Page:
Chipotle Is Hiding 60,000 Free Burritos in TV Commercials

Chipotle Is Hiding 60,000 Free Burritos in TV Commercials

By Mike Pomranz | FoodAndWine.Com

Troy Warren for CNT

The burrito chain is putting codes in their NBA Finals’ ads to let viewers text in to win free entrées.

A collective 221 points were scored in Game 1 of the NBA Finals last night — 81 baskets in total — and whether you took a break to grab a snack or another drink, you probably didn’t see every single one. But for Chipotle fans, there was one part of the game you definitely didn’t want to miss: the commercials. The chain gave away 10,000 burritos during one of their ads last night — and they say at least 60,000 more free burritos are on the way.

In an unannounced move, during last night’s broadcast, Chipotle included a unique keyword at the end of its commercial that unlocked a free burrito for the first 10,000 fans who were able to fire a text off to the chain. And Chipotle promises that’s just the beginning. “At any point during the remaining games in the series, Chipotle will air a broadcast TV commercial with a keyword hidden in the end card,” the company explains. “With the word now officially out, codes will go fast. To score a free entrée, fans will have to put a full court press on texting the keyword to 888-222.”

Chipotle says they’ll be giving away 10,000 burritos during Game 2 tomorrow, followed by 20,000 during Game 3 on Sunday, and then another 30,000 more on Wednesday, July 14. Assuming the Milwaukee Bucks can overcome last night’s loss to the Phoenix Suns, Chipotle will give away 40,000 burritos during Game 5. And if the series keeps going, so will Chipotle: 10,000 free burritos each during Game 6 and Game 7.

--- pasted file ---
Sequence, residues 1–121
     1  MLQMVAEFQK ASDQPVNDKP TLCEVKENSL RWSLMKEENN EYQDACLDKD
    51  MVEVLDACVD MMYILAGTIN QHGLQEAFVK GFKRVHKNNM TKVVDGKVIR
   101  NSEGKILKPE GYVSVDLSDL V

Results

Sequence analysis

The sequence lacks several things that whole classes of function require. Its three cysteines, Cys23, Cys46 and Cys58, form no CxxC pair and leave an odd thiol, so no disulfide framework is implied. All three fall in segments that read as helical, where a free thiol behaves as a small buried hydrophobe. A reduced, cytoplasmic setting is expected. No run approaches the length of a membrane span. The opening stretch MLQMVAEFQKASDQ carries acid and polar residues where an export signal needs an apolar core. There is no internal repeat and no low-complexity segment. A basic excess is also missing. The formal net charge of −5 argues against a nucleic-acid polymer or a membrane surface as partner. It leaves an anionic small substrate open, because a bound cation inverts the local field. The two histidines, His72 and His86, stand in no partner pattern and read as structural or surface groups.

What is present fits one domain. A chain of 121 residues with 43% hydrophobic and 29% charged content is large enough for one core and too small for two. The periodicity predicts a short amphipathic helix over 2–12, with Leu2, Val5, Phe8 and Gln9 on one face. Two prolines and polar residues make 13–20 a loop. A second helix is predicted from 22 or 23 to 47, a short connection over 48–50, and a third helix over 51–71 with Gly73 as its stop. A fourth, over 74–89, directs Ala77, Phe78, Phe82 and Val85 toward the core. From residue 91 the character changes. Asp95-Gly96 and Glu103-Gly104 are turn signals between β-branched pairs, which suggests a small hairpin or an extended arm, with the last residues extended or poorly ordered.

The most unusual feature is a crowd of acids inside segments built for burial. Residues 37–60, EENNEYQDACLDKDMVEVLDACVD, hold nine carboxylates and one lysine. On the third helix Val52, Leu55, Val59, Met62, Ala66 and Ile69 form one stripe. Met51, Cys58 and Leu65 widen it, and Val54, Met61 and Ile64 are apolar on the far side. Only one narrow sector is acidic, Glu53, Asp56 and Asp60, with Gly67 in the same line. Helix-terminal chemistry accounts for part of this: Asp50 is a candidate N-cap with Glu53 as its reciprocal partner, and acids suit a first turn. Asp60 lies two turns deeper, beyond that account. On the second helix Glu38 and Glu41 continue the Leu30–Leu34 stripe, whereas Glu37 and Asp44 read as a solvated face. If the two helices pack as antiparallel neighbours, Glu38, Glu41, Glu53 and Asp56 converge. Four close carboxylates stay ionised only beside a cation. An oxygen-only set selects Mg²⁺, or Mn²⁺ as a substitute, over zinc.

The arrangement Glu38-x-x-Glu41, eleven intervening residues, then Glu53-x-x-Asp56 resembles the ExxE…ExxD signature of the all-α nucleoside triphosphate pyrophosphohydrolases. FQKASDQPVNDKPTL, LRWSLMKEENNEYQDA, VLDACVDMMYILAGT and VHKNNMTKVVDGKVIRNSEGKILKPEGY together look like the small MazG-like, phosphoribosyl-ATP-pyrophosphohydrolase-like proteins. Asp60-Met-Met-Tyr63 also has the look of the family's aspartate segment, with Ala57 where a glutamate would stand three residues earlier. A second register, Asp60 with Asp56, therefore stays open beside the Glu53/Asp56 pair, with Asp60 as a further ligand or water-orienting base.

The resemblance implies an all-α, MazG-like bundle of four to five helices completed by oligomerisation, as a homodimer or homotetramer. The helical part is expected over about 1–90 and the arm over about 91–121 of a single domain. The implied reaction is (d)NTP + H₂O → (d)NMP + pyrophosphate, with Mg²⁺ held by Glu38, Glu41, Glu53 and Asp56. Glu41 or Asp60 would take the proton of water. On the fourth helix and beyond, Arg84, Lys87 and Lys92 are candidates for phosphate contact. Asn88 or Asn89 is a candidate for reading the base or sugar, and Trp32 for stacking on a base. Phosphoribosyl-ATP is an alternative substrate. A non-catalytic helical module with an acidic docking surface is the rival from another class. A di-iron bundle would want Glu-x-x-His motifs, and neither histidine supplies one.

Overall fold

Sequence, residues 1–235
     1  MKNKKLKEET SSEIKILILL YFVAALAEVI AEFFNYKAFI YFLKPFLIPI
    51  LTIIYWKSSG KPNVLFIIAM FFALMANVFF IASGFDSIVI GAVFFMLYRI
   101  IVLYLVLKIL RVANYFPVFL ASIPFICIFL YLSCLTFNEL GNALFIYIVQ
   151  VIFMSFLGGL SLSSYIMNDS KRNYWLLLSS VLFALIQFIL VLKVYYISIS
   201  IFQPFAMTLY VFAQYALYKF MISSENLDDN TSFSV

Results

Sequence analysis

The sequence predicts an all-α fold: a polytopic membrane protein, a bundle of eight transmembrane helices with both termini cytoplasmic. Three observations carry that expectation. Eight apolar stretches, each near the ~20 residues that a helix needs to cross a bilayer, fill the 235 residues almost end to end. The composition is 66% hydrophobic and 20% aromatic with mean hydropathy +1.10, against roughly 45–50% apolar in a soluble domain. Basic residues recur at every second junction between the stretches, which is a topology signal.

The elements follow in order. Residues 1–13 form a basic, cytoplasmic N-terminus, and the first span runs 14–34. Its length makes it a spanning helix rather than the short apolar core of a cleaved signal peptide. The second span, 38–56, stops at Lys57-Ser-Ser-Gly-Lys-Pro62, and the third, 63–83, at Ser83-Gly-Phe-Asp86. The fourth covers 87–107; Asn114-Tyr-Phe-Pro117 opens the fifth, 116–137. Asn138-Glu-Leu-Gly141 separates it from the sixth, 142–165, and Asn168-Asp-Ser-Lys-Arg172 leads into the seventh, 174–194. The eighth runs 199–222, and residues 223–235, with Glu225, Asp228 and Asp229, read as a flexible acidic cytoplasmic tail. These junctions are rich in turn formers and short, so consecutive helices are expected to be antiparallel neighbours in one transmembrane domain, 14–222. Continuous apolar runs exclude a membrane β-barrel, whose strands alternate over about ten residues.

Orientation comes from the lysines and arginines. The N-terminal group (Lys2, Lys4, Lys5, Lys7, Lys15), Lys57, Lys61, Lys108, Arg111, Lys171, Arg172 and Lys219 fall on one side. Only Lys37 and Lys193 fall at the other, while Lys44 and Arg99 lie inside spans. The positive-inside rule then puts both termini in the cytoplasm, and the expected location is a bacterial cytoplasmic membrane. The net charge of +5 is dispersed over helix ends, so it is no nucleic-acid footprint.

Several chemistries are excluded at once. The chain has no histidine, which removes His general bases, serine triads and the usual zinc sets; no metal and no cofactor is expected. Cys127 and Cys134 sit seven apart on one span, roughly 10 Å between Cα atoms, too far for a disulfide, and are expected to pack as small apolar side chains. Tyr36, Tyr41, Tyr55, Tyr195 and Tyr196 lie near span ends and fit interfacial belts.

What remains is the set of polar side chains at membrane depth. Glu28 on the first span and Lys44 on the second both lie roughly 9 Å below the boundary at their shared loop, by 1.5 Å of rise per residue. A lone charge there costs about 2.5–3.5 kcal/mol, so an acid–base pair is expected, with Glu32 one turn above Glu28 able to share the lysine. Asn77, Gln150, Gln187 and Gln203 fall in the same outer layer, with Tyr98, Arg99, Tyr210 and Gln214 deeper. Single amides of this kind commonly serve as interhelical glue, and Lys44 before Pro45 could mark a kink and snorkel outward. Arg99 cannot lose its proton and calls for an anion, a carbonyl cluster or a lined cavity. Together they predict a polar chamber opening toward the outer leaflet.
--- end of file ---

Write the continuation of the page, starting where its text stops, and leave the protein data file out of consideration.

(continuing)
“The final games of the basketball season are arguably some of the most entertaining moments of the year,” Chris Brandt, Chipotle’s chief marketing officer, stated. “Along with the high-profile player matchups, off-court storylines, and fan interactions, our hidden code giveaway creates another ‘game within the game’ and elevates the viewing experience for our fans during breaks in the action.”

The only differences between the two games? With the NBA Finals, players are taking shots to try to bring home the Larry O’Brien Championship Trophy in front of millions of viewers around the globe. Whereas with the Chipotle game, you’re trying to pause your TV to text a code to bring home a free burrito in front of your friends screaming, “We just want to watch the game!”

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By Troy Warren

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